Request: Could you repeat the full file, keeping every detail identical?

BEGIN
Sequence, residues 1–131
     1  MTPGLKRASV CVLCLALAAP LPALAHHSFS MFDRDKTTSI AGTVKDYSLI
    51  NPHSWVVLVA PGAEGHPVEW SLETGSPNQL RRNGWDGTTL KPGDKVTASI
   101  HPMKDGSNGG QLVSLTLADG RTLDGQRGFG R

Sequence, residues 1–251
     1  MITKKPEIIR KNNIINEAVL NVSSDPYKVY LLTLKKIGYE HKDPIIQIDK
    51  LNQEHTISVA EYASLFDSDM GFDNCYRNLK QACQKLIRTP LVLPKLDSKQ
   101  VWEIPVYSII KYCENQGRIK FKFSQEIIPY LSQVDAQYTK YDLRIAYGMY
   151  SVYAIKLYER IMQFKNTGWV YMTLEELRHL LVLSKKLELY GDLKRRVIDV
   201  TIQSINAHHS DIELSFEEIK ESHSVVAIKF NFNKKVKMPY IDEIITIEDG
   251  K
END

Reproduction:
Sequence, residues 1–131
     1  MTPGLKRASV CVLCLALAAP LPALAHHSFS MFDRDKTTSI AGTVKDYSLI
    51  NPHSWVVLVA PGAEGHPVEW SLETGSPNQL RRNGWDGTTL KPGDKVTASI
   101  HPMKDGSNGG QLVSLTLADG RTLDGQRGFG R

Sequence, residues 1–251
     1  MITKKPEIIR KNNIINEAVL NVSSDPYKVY LLTLKKIGYE HKDPIIQIDK
    51  LNQEHTISVA EYASLFDSDM GFDNCYRNLK QACQKLIRTP LVLPKLDSKQ
   101  VWEIPVYSII KYCENQGRIK FKFSQEIIPY LSQVDAQYTK YDLRIAYGMY
   151  SVYAIKLYER IMQFKNTGWV YMTLEELRHL LVLSKKLELY GDLKRRVIDV
   201  TIQSINAHHS DIELSFEEIK ESHSVVAIKF NFNKKVKMPY IDEIITIEDG
   251  K